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Updated: 28 min 58 sec ago

Are Massages Beneficial? What We Know, and What We Don't

Oct 25 2017 - 12:10

If you've never had a massage, chances are that due to the activity's immense popularity someone you know has. And those who swear by massages, and how good they make them feel, often create the impression that it's an integral, indispensable component to better health.

However, when you get past the obvious – that someone kneading all of your muscles for upwards of an hour makes you feel good – specific evidence supporting beneficial health claims is hard to come by.

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Can We Help Our Patients Who May Develop Alzheimer's Dementia?

Oct 25 2017 - 10:10

50% of patients with mild cognitive impairments develop Alzheimer's dementia. A new study sheds some light on what physicians can tell their patients.

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TIME Has A Science Article Based On A Yogic Flying Instructor: Here Are More Ideas They Can Use

Oct 25 2017 - 09:10

The anti-science army in the war on common pesticides like glyphosate (and adjacently GMOs, those groups don't know enough science to know they are different) is having a Gettysburg moment.(1) They are out of options so they are making a desperate charge but they are in an open field a long way off and opposing them on the other side is every legitimate science and regulatory body.

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Governor Cuomo is a Public Health Enemy

Oct 25 2017 - 06:10

The governor of New York City, Andrew Cuomo, has signed legislation banning the use of electronic cigarettes indoors - a move that ensures his position as pro-cancer and anti-science.

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Glyphosate-gate: IARC's Scientific Fraud

Oct 24 2017 - 15:10

IARC's glyphosate scandal has severely and perhaps irreparably damaged the reputation of the World Health Organization. IARC ought to be defunded and disbanded.

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Yet Another Water Birth Goes Awry

Oct 24 2017 - 13:10

Another underwater birth, another near-fatal consequence. This time the imperiled, septic newborn endured unnecessary multi-organ failure that necessitated a two-month hospitalization in the intensive care unit (ICU).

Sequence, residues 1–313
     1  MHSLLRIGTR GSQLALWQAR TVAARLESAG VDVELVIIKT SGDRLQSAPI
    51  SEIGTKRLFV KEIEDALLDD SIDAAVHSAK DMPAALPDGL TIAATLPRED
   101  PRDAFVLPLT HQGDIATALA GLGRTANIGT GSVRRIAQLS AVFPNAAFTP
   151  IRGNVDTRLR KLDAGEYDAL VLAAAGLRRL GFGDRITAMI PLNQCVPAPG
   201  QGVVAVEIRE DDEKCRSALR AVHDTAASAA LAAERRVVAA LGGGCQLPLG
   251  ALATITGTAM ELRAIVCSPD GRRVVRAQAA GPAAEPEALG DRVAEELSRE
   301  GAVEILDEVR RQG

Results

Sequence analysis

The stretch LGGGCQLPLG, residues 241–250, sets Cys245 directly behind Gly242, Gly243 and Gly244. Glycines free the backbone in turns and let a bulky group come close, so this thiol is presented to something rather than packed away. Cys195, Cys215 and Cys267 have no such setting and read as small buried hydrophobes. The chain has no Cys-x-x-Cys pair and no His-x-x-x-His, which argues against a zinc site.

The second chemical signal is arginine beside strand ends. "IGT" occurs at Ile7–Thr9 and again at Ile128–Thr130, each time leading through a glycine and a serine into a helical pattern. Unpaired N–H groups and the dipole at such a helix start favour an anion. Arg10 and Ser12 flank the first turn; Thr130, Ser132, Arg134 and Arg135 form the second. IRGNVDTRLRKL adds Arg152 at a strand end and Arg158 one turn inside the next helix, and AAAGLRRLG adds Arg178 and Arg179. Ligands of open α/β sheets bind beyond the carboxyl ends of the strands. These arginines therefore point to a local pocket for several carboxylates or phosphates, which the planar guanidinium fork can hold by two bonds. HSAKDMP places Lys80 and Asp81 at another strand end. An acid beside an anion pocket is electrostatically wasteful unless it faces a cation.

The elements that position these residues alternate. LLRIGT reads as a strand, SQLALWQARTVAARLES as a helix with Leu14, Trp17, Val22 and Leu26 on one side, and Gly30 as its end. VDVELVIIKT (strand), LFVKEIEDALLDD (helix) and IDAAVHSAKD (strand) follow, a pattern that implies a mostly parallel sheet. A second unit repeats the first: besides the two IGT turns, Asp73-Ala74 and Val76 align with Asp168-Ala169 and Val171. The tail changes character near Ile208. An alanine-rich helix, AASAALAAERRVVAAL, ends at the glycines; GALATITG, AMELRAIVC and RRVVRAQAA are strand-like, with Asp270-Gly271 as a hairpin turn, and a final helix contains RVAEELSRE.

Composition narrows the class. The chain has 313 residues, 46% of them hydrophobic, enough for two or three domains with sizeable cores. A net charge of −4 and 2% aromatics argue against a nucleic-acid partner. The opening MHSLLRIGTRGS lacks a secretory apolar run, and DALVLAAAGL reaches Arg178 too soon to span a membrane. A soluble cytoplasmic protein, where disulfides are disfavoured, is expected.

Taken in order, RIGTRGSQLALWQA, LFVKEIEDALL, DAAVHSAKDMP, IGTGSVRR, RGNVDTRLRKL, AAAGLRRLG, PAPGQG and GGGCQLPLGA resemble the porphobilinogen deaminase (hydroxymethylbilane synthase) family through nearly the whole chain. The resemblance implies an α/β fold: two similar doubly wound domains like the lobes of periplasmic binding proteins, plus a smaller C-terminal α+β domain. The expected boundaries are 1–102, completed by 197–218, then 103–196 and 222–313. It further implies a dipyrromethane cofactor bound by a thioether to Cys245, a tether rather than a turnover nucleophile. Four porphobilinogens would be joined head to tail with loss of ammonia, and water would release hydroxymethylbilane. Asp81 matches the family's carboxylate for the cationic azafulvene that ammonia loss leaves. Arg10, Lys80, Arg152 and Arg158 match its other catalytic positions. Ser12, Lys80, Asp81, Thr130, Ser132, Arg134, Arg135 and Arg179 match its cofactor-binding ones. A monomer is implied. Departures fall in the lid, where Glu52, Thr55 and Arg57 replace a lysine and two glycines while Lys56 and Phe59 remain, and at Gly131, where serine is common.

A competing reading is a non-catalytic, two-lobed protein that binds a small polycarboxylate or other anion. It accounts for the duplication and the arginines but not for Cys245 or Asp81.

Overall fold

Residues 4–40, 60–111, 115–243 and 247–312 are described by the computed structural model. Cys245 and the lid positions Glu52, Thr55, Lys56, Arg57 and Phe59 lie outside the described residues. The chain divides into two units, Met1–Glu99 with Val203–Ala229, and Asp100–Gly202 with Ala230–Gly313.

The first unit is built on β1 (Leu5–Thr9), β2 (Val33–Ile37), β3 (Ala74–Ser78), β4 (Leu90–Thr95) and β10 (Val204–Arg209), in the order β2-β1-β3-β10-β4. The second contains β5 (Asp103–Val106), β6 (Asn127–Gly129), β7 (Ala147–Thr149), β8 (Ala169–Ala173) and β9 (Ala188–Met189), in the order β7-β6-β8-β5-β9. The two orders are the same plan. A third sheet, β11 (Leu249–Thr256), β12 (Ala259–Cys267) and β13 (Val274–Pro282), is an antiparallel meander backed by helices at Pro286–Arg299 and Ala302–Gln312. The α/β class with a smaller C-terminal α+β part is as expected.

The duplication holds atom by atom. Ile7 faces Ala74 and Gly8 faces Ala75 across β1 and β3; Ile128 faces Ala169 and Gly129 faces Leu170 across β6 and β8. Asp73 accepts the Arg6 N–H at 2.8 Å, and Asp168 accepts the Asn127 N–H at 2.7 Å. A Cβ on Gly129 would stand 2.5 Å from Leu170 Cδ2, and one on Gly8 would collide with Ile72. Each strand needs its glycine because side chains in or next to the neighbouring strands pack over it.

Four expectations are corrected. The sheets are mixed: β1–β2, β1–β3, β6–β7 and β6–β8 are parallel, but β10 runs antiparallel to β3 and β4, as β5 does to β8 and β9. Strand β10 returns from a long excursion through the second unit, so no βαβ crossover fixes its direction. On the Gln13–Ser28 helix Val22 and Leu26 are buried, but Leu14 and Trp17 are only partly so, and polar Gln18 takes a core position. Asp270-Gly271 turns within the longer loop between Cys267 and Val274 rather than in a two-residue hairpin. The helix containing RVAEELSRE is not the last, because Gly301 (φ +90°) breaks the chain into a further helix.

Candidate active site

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New Shingles Vaccine to Get CDC's Recommendation, Days After Getting FDA Approval

Oct 24 2017 - 13:10

Just three business days after getting the FDA's green light, Shingrix, a more effective shingles vaccine, will go before the Centers for Disease Control on Wednesday. A committee is expected to vote, formally recommending how often the vaccine should be administered, and to what age group.

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Dermatology’s Clinical Guidelines Are Only Skin Deep

Oct 24 2017 - 10:10

Financial conflicts of interest (COI) are of increasing concern and the response of medical leadership, authors and publishers is disclosure. This article is that sheds sunlight on how much do we adhere to our self-imposed standards.

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Dogs Like Us More Than Food

Oct 24 2017 - 09:10

Is ACSH going to the dogs? We're not — even though dogs are featured twice today. This latest story refers to dogs' affinity for humans — even strange ones. New research demonstrates that dogs react more strongly when a person is facing them than when they turn away. And that reaction isn't changed by the presence of food. 

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It's Dog Eat Dog Out There: Doping The Iditarod With Tramadol

Oct 24 2017 - 08:10

Is it possible to get through even one day without reading something about opioids in the headlines? Pretty much, no. So, I would have ignored this one except for two reasons.

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If You Cry 'Corporate Shill,' You're a Conspiracy Theorist

Oct 23 2017 - 19:10